Tuesday, December 15, 2009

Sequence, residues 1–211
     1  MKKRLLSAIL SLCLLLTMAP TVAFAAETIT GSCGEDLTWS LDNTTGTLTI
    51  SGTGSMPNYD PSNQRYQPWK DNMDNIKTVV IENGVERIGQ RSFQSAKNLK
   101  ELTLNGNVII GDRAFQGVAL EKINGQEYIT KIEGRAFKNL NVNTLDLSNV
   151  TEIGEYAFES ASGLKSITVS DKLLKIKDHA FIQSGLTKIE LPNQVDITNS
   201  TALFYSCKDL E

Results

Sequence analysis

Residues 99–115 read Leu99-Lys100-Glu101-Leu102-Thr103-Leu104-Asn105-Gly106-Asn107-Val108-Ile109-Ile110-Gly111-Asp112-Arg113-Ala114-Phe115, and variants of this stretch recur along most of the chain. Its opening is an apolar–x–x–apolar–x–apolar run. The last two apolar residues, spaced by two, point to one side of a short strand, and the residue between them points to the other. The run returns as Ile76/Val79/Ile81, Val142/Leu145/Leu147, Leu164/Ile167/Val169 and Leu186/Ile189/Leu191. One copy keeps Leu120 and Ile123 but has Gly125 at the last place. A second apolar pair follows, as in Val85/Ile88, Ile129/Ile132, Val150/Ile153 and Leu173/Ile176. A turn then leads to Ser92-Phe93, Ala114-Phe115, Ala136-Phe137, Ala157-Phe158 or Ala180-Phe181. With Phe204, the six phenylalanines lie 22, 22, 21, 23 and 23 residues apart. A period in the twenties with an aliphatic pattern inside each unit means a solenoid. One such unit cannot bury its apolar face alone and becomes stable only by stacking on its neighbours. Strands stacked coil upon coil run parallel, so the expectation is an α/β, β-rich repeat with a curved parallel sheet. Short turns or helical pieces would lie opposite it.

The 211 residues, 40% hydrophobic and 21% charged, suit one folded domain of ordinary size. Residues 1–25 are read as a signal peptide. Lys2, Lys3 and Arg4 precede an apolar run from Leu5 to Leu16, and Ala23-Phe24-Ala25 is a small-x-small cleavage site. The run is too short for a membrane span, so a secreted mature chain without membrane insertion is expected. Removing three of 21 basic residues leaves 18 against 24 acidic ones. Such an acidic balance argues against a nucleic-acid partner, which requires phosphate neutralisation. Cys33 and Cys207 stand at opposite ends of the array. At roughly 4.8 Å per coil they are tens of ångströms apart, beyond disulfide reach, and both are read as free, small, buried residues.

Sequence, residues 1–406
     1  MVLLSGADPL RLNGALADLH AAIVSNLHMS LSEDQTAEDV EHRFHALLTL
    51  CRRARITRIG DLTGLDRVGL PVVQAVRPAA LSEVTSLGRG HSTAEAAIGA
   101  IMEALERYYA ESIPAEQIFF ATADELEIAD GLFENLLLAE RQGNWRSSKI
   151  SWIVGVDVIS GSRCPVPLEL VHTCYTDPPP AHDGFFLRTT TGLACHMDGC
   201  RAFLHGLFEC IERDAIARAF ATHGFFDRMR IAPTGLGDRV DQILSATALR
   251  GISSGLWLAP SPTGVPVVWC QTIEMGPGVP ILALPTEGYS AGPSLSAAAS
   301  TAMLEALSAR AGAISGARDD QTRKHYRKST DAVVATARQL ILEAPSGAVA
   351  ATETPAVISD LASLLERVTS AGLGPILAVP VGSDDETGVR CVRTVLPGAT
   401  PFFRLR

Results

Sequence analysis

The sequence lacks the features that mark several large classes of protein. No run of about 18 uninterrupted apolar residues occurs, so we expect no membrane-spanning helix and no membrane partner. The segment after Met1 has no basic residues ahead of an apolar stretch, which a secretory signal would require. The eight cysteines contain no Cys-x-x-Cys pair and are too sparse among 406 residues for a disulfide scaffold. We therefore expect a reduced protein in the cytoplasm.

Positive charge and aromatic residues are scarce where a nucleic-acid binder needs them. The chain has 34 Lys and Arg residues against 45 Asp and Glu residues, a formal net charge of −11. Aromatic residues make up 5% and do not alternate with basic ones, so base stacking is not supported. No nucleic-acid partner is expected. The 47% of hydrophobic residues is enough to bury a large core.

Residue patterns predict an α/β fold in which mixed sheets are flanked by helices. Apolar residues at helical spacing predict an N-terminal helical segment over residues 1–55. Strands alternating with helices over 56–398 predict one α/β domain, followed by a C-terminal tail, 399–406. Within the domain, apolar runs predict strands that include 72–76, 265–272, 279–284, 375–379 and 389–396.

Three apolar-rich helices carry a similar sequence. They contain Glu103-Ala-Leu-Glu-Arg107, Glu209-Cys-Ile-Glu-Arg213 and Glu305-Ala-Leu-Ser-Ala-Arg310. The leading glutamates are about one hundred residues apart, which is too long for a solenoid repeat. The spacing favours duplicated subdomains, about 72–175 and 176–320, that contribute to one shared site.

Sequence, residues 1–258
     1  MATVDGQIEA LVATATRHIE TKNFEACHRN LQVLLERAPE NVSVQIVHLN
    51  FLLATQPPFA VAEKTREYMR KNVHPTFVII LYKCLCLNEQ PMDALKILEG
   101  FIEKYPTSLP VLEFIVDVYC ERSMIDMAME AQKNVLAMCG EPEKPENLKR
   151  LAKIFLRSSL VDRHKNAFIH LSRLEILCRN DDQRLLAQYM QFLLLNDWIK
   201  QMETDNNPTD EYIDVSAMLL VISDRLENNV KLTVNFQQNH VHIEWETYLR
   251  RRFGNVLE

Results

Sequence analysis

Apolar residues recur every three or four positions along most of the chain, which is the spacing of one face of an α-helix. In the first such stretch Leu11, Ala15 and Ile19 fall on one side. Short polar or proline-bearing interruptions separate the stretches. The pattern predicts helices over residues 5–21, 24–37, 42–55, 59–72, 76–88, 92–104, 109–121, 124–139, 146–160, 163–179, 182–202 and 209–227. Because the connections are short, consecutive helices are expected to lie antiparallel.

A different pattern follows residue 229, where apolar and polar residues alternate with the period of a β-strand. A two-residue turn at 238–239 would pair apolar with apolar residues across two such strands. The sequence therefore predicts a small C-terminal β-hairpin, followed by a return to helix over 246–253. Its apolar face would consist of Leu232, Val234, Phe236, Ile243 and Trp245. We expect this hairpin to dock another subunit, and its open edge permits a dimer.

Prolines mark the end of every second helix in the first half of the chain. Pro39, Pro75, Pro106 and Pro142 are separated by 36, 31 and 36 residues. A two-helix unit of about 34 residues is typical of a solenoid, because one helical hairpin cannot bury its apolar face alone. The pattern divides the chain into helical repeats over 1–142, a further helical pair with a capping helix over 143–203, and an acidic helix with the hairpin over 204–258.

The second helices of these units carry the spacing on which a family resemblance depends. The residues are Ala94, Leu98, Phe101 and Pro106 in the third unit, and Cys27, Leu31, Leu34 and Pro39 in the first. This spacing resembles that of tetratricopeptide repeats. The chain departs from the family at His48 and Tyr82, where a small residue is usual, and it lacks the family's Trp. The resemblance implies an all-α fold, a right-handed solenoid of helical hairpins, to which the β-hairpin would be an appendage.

This past Sunday we got up early - well earlyish and set off to Valletta to the market. I thought I already knew where they held the market, so we got off the bus and went through the entrance gates to the city, heading for Republic Street which is where I 'knew' the market was. The first thing that became evident was the Pulizia presence. We hardly ever see police anywhere, but there were lots of police and then as we came up to St. George's Square there were crowds everywhere, a stage had been set up in the square and we asked what was about to happen. A parade. Great - we love pomp and circumstance, and the next couple of hours was filled with pomp. Having grown as a soldier's daughter I was well used to the parade that followed - and there is video attached. The Maltese Army, whose dress uniform is exactly the same as my father's, were out in force. They were lead by their marching band who were excellent, and then mounted soldiers on beautiful horses, followed by the foot soldiers, followed by a lovely old Rolls Royce Bentley carrying the President and his wife, who really looked the part wearing a lovely Ascot style hat. By the time we got to the Square it was pretty difficult to get a good look at the proceedings, but we could certainly hear the Company Sargeant Major directing his men to 'show off'their skills to the President and the people. The band played, the soldiers marched and the people, including us thoroughly enjoyed the spectacle. I must say that I wasn't at all prepared for the sound when they removed their bayonets and fired a round of blanks into the air. The report reverberated all around the square, bouncing off the buildings; it made me almost jump out of my skin. And then of course everyone laughs nervously, and then they did it again, just a deafening, but not quite so shocking as we knew it was coming. It doesn't come through the mike on the camera quite as loud as it was, but you get the idea. We never did get to the market, it wasn't where I 'knew' it was. We walked back to the marina and joined in with a dock party which was very nice. A picture is attached of the group of liveaboards. Unfortunately Tony had gone to get more beer during the photo take, so he's not in it.